What Can/Should Be Done
I use Brazil as an example of what can and should be done to change this picture to bring about a new reality for the Afro-descendants of the region. Under President Lula, Brazil started with the admission that it had a problem. It moved from what was called “racial democracy” – from the idyll that there was perfect racial harmony in Brazil to a realization that there was racial injustice caused by racial discrimination. It came to the realization that Brazil was not a white country but a racially diverse country. The President held a series of consultations on race in the provinces culminating in a national conference on race relations. He invited me to attend that conference and I did. It was a wonderful convergence of people of all races in Brazil. It was a catharsis for the nation. President Lula himself made trips to Africa and re-established the African origins of the majority of Brazil’s population. Most notably, Brazil was the first country to have established a government agency to work on social inclusion and racial equality, called SEPPIR (Special Secretariat for the Promotion of Racial Equality). Furthermore, under the President Luiz Inácio Lula da Silva, four Afro-Brazilians were appointed to cabinet-level positions in the government and one to the Supreme Court.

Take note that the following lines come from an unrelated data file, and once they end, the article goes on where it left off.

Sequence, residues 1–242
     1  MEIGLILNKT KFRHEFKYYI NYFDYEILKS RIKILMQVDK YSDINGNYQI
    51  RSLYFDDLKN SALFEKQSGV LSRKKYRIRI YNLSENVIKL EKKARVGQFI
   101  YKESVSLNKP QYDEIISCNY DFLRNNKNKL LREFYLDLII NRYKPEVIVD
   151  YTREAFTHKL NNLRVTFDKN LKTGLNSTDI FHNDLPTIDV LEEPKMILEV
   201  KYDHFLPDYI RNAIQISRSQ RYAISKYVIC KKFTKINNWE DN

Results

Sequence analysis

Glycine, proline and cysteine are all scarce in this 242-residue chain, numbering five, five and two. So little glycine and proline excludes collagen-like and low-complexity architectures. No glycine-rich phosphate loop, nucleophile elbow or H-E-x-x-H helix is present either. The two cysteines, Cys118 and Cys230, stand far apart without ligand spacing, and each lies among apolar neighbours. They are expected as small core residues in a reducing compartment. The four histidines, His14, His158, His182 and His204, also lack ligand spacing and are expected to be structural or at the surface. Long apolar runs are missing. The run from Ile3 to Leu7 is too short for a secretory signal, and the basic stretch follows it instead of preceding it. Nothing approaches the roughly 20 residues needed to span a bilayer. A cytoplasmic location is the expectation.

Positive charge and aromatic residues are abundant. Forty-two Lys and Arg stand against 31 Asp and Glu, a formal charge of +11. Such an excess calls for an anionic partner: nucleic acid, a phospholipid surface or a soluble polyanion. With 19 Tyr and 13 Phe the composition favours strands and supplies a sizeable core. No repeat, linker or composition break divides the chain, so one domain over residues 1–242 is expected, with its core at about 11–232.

Regional Convention Against Racism
OAS member states, meeting in Guatemala, on 6 June adopted the Inter-American Convention against Racism, Racial Discrimination and Related Forms of Intolerance and the Inter-American Convention against All Forms of Discrimination and Intolerance. I take this opportunity of highlighting the leadership role that Antigua and Barbuda played in drafting the new regional instruments. I pay special tribute to our own Joy-Dee Davis-Lake, Alternate Representative in the Permanent Mission of Antigua and Barbuda to the OAS for her sterling work in ensuring that the original focus of the Convention against Racism and Racial Discrimination was not lost. The instrument is of particular significance in that it will be a tool for the effective promotion of equality and the elimination of all forms of discrimination and racism in the region.